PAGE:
NYPD Tries to Distance Itself From FBI Surveillance Lapse in Bombing Case

nypd badgeBy Allan Lengel

WASHINGTON — The talk among law enforcement on Wednesday was that the New York police were trying to distance themselves and blame the FBI for losing the surveillance of  car bombing suspect Faisal Shahzad.

The media was also pointing to it as a flaw in what still remains a remarkable case for the short time it took to arrest the suspect.

Still,  some current and former law enforcement members pointed out that it is not uncommon to lose a surveillance target. And they said it was often better to lose someone temporarily than to blow the surveillance and get spotted.

Newsweek reported that Shahzad was at JFK airport on Monday for more than three hours without FBI surveillance, and that agents had apparently lost track of him. Shahzad had gone to the airport to catch a flight to Dubai. He was arrested after he had already boarded the plane, but it had not yet taken off.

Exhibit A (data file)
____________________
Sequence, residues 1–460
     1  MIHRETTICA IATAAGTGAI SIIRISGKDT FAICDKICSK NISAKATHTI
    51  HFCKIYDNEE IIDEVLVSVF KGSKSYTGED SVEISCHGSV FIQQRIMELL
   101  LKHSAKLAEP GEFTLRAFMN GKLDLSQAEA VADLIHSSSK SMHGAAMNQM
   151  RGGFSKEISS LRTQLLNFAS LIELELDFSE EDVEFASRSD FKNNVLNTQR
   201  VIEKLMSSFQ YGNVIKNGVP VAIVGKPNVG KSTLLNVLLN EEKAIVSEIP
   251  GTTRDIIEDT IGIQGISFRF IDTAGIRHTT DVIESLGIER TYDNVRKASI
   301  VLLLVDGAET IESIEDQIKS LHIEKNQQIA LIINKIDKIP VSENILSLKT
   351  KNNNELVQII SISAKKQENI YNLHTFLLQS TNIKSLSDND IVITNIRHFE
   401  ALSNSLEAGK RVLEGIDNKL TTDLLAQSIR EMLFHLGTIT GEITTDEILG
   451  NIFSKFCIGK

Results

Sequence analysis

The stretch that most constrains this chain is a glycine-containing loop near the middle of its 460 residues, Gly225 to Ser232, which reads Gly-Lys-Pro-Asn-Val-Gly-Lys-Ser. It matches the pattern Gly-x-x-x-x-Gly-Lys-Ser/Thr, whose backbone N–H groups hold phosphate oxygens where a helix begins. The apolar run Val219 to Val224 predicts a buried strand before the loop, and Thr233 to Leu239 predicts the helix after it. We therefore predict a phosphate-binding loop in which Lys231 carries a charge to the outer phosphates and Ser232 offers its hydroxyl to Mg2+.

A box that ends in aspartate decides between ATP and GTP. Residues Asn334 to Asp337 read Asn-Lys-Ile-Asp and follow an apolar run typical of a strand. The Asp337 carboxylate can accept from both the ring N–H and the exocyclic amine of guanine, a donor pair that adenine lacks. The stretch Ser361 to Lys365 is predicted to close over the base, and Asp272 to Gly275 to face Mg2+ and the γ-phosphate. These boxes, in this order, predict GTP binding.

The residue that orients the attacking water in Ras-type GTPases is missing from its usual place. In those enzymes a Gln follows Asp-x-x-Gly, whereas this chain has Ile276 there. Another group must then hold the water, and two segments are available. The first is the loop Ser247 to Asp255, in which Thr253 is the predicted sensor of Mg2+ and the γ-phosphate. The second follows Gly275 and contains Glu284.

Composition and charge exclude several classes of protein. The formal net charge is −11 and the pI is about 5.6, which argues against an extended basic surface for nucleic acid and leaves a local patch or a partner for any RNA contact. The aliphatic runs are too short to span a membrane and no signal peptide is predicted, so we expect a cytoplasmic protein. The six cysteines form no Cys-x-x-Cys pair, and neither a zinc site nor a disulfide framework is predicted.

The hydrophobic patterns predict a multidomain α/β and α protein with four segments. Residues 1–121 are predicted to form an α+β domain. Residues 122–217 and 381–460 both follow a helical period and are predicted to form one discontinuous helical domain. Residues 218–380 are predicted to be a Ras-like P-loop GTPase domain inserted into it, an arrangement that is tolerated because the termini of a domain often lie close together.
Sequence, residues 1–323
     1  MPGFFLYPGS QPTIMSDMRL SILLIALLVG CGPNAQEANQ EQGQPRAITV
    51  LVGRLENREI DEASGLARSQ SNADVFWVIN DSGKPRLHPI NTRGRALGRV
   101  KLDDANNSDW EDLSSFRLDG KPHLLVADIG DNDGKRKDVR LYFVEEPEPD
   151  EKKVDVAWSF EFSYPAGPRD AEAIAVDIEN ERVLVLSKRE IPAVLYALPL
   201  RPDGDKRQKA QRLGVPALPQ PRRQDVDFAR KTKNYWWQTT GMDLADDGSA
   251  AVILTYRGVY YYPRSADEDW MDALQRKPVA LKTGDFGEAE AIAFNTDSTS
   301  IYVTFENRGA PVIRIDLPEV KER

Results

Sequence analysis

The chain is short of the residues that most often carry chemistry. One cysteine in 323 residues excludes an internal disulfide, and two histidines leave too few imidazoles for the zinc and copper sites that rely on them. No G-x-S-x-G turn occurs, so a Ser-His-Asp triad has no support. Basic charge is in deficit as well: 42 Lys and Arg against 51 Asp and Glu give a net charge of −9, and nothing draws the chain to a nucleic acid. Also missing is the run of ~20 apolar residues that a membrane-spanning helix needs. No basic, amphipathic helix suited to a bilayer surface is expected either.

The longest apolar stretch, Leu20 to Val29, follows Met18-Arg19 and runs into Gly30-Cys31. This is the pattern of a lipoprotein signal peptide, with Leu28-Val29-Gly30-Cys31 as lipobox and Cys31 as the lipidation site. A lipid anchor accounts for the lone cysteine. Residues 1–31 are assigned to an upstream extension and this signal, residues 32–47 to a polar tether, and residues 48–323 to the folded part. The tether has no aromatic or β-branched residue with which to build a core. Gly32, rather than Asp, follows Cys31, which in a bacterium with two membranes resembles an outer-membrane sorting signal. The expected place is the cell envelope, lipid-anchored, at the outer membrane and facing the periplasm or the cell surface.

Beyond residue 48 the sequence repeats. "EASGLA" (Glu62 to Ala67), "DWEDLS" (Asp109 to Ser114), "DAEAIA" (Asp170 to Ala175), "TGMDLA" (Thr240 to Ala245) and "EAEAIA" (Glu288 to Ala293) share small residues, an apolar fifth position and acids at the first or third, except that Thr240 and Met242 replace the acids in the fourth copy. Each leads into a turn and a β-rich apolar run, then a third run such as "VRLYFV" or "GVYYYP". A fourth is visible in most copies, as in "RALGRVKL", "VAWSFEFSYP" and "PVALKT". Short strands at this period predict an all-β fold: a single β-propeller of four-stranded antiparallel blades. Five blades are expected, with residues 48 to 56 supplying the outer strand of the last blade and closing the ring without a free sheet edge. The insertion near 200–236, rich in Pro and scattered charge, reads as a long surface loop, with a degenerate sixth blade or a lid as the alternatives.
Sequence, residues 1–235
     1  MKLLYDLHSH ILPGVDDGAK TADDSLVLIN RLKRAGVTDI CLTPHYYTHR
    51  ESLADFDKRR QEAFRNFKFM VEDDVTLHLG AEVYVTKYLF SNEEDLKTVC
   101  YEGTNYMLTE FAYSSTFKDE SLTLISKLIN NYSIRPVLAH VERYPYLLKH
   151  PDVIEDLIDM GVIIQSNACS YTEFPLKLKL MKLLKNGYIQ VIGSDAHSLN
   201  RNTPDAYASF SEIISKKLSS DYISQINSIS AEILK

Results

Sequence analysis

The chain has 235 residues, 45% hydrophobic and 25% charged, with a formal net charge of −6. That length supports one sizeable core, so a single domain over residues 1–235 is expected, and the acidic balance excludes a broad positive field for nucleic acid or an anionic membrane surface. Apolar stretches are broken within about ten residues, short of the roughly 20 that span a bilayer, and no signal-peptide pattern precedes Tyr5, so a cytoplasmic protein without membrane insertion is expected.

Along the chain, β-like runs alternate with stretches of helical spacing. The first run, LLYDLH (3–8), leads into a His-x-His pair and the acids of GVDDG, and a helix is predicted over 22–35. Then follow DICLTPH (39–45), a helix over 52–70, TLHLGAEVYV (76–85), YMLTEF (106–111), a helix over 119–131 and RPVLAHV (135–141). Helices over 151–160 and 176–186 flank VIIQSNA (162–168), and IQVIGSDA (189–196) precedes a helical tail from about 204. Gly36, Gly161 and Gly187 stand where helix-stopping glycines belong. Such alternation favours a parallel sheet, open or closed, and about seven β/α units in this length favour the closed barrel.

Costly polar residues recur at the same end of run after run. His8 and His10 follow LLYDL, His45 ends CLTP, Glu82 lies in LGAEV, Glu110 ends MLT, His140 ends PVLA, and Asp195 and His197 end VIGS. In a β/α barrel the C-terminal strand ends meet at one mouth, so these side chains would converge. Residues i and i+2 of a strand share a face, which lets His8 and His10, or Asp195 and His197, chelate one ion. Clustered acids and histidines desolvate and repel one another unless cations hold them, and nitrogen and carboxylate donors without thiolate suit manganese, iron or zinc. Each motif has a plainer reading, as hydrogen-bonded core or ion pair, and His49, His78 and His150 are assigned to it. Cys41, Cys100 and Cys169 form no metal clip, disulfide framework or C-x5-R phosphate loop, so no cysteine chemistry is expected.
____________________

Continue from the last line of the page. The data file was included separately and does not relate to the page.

One law enforcement source on Wednesday defended the FBI’s work.

“This situation was extremely fast-moving, involving multiple locations. The FBI identified him and within a few hours had already located him and begun surveillance, which, by its nature, involves risk-benefit considerations with respect to potential effects on the course of the investigation if the surveillance is detected,” the source said, commenting on the condition that he not be named.

“Risks can be mitigated by building in layers of redundancy, especially in a situation such as this where the subject was aware of the numerous media reports which alerted him to the fact he was being pursued by law enforcement. In this case, he was added to appropriate watch lists and was caught as he tried to escape.”

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